Virtual Light Social Concerns

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Gibson's early Matrix novels, Neuromancer (1984), Count Zero (1986), and Mona Lisa Overdrive, created a punk-inspired future world centered on the renegade underground of computer cowboys, drugs, and crime. In Virtual Light, Gibson chooses to enter the novel from the other side of the moral spectrum — from the perspective of characters trying to establish lives that are useful, but who are thwarted by bad luck, innocence, or the vices of others. Berry Rydell, one of the central characters of the novel, wants to be a straight arrow policeman, and Chevette Washington, the other central figure, tries to make a life for herself as a bike messenger. Both are caught up in a plot that forces them to confront their own weaknesses and to come to terms with the consequences of their actions.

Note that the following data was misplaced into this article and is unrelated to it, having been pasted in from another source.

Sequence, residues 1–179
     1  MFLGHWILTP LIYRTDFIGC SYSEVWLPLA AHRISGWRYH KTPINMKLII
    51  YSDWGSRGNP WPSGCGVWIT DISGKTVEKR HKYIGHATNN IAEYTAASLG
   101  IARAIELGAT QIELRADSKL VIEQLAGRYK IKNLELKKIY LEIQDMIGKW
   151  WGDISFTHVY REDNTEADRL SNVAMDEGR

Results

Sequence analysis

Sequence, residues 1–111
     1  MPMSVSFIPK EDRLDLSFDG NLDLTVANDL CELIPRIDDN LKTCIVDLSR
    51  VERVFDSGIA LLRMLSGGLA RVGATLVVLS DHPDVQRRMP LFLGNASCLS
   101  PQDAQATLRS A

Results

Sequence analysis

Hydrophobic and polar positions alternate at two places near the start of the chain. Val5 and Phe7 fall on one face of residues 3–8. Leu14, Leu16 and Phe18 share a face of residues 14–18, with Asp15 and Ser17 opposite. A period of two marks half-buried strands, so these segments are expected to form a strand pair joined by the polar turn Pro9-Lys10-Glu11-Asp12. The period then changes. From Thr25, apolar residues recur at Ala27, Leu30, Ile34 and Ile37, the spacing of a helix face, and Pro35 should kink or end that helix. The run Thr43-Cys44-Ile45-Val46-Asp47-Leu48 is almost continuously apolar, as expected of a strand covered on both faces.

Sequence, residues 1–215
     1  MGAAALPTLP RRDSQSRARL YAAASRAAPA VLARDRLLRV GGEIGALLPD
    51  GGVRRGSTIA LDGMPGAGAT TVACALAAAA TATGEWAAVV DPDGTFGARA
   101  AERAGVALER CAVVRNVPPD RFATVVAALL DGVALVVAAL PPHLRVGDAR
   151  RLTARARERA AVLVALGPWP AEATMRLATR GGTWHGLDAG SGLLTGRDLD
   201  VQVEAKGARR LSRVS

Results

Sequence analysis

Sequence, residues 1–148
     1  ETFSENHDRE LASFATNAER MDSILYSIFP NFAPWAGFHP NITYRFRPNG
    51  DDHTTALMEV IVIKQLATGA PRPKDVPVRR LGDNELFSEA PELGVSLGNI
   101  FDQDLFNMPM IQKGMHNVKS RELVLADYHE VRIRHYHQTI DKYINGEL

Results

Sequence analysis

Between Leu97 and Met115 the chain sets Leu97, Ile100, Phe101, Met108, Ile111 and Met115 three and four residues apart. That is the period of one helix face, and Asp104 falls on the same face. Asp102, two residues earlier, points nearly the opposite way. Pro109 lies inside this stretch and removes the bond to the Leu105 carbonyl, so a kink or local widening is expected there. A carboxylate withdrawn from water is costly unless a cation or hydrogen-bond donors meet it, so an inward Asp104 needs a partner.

Virtual Light continues to pursue the Gibson preoccupation with the impact of technology on individuals' lives and...

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This section contains 171 words
(approx. 1 page at 300 words per page)
Buy the Virtual Light Short Guide
Copyrights
Beacham's Encyclopedia of Popular Fiction and Beacham's Guide to Literature for Young Adults
Virtual Light from Beacham's Encyclopedia of Popular Fiction and Beacham's Guide to Literature for Young Adults. ©2005-2006 Thomson Gale, a part of the Thomson Corporation. All rights reserved.
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